Most nerds that I know (including myself) will obsess over inefficient software, hardware, protocols, life itself :) etc. We hate waste. If we can make something more efficient, we will. Obviously it has been pointed out how some of the RSS clients are wasteful in how they do things, which wastes some money that could go somewhere else (like more geek toys!) instead of throwing it away because of bad behaving clients. It has nothing to do with the *affordability* of the bandwidth cost. The bandwidth can be paid for, but why pay for inefficient usage because of poorly designed clients?

          Geesh, how hard is that to understand...I could not bite my tongue any longer and not point this out.

  13. By Anonymous Coward ( on

    To save bandwidth from text, you could drop isspace(3) between ">" and "<" in served pages (not templates.) For instance, right now I see:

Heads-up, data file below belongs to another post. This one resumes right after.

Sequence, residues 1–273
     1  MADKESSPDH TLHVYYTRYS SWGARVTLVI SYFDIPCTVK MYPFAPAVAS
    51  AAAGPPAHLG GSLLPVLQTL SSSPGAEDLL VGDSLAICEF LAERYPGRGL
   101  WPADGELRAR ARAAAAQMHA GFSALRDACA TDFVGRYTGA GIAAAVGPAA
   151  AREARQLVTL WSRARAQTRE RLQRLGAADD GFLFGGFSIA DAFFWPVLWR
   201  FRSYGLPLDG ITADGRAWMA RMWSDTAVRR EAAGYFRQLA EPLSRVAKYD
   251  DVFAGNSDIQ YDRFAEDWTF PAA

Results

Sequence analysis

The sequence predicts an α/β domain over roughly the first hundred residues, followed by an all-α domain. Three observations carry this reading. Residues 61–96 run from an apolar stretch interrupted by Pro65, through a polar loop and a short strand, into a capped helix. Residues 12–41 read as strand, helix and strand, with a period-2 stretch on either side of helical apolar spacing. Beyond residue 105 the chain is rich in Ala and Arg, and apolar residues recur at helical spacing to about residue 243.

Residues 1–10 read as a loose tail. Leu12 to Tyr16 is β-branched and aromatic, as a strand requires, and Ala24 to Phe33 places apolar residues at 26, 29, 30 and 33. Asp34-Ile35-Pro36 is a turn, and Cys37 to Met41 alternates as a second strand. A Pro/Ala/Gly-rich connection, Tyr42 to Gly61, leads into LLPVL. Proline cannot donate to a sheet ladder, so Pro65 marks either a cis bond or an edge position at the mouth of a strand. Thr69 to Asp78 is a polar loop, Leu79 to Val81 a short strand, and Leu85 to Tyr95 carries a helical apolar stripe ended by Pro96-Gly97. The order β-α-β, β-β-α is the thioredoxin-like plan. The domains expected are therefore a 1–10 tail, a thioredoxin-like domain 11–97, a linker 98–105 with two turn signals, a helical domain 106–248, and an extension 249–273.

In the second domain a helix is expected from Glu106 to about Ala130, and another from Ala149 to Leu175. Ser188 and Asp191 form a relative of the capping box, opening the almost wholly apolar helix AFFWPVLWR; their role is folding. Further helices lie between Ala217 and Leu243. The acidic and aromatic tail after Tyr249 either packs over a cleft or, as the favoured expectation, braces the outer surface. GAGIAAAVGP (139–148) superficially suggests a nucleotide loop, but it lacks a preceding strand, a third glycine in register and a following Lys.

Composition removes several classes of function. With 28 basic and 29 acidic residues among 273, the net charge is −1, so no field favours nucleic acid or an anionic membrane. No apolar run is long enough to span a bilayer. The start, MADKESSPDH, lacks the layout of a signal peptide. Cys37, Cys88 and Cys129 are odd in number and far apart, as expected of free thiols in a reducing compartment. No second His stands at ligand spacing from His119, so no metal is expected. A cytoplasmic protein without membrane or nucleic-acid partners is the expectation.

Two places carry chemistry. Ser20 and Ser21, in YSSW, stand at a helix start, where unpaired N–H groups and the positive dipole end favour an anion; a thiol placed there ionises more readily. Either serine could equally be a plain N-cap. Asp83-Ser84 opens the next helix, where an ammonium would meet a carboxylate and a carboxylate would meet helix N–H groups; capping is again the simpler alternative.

<title>Administrative: RSS rate limiting</title>
    You could strip the isspace(3) between ">" and "<", and have
    <html><head>Administrative: RSS rate limiting</title></head>

    You can save on average 10% of text bandwidth doing this.
    Happy New Year!!!

  14. By tedu ( on

    while we're playing "nice to have", adding the most recent comment timestamp to the front, in addition to "X comments", would be convenient.

    1. By Daniel Hartmeier ( on

      Happy? :)

      I assume most people prefer a relative time, rather than an absolute (which would have to be in GMT), but I might be wrong.

      1. By tedu ( on